Church Planting

I’m not planting a church…

Got ya.  You were thinking, “What!?  Did you change your mind already?”  Fickle guy.

Or…if you’re cynical about catchy slogans, you were probably thinking, “Sure you’re not…”

Seriously. I’m not planting a church. I mean, how can I? The church has already been planted. It was established about two thousand years ago by Christ (check out the book of Acts).

I know, I shouldn’t get all technical, but there’s a problem with the language when you say “plant a church”.  You see, you can’t really plant a church because a church is more than a building, more than a geographical location.  It’s so much more.  It’s God’s invisible kingdom, His people who are His hands, feet and voice in the world. It’s forcefully advancing and cannot be contained.

(For those theology/sociology/history buffs out there, let’s just say that this view of the church is SO fourth century.  We can thank Constantine and historical Christendom for our dented ecclesiology.)

This fall, we’re going to ask people to journey with us to “plant a church”.  I guess it’s better to say we’re going to “gather together under a common vision to be the church.”  Technical, I know…but true.

You see, there’s a downside to seeing the church as just a building or a weekend experience. First, it’s a limited (sometimes false?) view of the church. Second, it confines your spiritual life and the purpose of the church to an experience and a place.

Now, I’m not saying that the church can’t gather. But where it gathers is not as important as that it gathers. And gathering isn’t the only thing the church is all about.

If you are a follower of Christ, you are the church.  You’re part of something huge. And everywhere you go, you bring the church.  When you go out for coffee at Starbucks, you bring it. When you take the LRT to work, you bring it. When you hang out with those you care about, you bring it.

So bring it. Today, wherever you go, you are the church and you are bringing the church to the world.  Be the church, the true church. Bring truth, love and light to every space you occupy.

I’m at an airport in Munich. I’ve got two hours left to bring it.

Church Planting

Turkish Bazaar

Some things are the same the world over.  Like seagulls.  Karen and I are touring Turkey this week.  They have seagulls!  Why is it that the seagulls here look the same as those in Uganda, Taiwan, Germany…even Saskatchewan?  Ever wonder how they managed to populate almost every corner on the planet?  I sometimes wonder…do all seagulls eat diapers?  The ones in Moose Jaw do.

There are other things the same the world over…marketplaces.  In Turkey, they call them bazaars. I’ve come to the conclusion that, while each marketplace has its own distinct flavor, they all share striking similarities. Karen and I went to the Grand Bazaar in Istanbul last week.  Here in Turkey, everyone says that its sellers are aggressive.  From my experience, they are no more aggressive than they are in Mexico City or Nairobi.  In Nairobi, I was lovingly surrounded by about eight artisans who were not going to let me leave because I showed an interest in their wares.  I left that market with an empty wallet and a new camel-skinned drum.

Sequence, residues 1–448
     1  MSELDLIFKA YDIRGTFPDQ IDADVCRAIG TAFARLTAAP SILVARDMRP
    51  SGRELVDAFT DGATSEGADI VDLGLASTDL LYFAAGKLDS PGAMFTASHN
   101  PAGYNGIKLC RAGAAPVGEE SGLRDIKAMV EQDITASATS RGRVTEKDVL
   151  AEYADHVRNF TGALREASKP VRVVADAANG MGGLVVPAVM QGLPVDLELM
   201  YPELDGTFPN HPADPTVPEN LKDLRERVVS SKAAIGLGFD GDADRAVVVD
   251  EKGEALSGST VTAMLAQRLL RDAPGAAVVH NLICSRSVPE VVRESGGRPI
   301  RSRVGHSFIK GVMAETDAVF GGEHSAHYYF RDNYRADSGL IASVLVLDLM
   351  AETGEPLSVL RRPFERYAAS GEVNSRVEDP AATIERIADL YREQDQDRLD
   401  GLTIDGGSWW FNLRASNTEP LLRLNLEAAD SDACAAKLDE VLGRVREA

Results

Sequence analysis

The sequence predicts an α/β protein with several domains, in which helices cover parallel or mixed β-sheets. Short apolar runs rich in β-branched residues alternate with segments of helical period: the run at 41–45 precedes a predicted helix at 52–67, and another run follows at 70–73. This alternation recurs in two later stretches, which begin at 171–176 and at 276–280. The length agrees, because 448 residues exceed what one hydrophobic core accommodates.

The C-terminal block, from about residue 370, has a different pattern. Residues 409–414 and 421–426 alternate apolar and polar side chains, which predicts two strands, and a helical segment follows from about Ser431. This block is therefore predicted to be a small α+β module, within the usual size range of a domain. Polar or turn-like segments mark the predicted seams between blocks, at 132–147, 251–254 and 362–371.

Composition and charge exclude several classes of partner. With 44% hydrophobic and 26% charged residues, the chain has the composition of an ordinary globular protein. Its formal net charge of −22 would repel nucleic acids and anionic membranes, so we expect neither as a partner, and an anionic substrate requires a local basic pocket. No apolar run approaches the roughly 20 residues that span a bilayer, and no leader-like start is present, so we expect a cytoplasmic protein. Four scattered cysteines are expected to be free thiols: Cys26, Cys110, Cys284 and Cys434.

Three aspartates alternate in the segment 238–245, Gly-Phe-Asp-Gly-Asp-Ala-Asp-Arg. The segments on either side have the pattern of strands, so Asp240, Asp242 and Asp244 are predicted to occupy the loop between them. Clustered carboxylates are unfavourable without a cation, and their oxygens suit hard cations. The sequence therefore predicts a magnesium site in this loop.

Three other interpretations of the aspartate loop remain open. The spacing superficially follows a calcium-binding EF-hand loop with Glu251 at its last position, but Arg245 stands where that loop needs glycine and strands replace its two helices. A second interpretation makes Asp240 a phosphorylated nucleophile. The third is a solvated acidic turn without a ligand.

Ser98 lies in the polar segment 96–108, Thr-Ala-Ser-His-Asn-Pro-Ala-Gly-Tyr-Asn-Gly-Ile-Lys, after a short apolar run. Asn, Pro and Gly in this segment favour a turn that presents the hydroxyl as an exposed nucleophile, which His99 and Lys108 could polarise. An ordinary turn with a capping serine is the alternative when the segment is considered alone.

It’s tough going to a marketplace and being Canadian.  Maybe it’s because you’re used to lots of space.  And maybe it’s because you’re overly polite.  I think the sellers in the Grand Bazaar have an uncanny sixth-sense about Canadian niceness.  They specialize in getting your attention.  All they have to do is say, “Hello, how are you today?”  I mean, what true-blooded Canadian is not going to stop and say, “Me?  I’m just fine.  Thanks for asking!  How are you?”  Then they have you. You just opened the door to useless-novelty-trinket-stuff limbo.

And because you’re uber polite, you don’t know how to walk away. After all, you don’t want to hurt anybody’s feelings. So you pretend you’re interested even when you’re really not. But the longer you stay in the scene, the more guilty you feel for wasting the seller’s time. So you end up buying something you don’t really need, or you break off the conversation and walk away, your sorry heart smothered in guilt for hurting someone’s feelings. Meanwhile, he’s shouting “How are you?” at another Canadian and has already forgotten you.

So I decided to just keep walking whenever someone asked, “How are you?”  I know it sounds rude, according to Canadian culture.  But according to the culture of the Grand Bazaar…I’m not so sure.  “How are you?” might mean “Hello, would you like to buy a rug?”

Karen and I are having a blast in Turkey.  We love traveling and experencing new cultures because when you step outside your own culture, you experience humility (if you have the right mindset).  You discover that not everything in your own culture is perfect. You also experience enrichment as you learn from other cultures.

I’ve been reflecting on the new church that we will be starting in the fall.  One of our defining characteristics is that we will be multi-ethnic.  We’re going to be launching in the northeast part of Edmonton.  This is an ethnically diverse region, rich with people groups from every corner of the globe. We want our church to reflect this beautiful diversity.

I look forward to celebrating and learning from other cultures. What might that look like?  Today…I have no idea. But it’s in my heart.